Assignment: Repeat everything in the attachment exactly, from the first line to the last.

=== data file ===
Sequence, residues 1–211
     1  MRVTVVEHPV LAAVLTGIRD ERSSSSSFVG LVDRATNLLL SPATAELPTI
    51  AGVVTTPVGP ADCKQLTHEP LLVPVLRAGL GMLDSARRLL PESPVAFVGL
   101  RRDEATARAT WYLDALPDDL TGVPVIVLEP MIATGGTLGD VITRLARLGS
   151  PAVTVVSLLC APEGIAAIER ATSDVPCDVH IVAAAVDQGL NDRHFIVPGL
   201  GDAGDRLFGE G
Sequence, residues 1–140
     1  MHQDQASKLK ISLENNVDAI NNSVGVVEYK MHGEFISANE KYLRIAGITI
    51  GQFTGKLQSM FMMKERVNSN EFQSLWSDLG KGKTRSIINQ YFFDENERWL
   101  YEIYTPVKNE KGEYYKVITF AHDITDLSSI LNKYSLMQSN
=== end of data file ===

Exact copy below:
Sequence, residues 1–211
     1  MRVTVVEHPV LAAVLTGIRD ERSSSSSFVG LVDRATNLLL SPATAELPTI
    51  AGVVTTPVGP ADCKQLTHEP LLVPVLRAGL GMLDSARRLL PESPVAFVGL
   101  RRDEATARAT WYLDALPDDL TGVPVIVLEP MIATGGTLGD VITRLARLGS
   151  PAVTVVSLLC APEGIAAIER ATSDVPCDVH IVAAAVDQGL NDRHFIVPGL
   201  GDAGDRLFGE G
Sequence, residues 1–140
     1  MHQDQASKLK ISLENNVDAI NNSVGVVEYK MHGEFISANE KYLRIAGITI
    51  GQFTGKLQSM FMMKERVNSN EFQSLWSDLG KGKTRSIINQ YFFDENERWL
   101  YEIYTPVKNE KGEYYKVITF AHDITDLSSI LNKYSLMQSN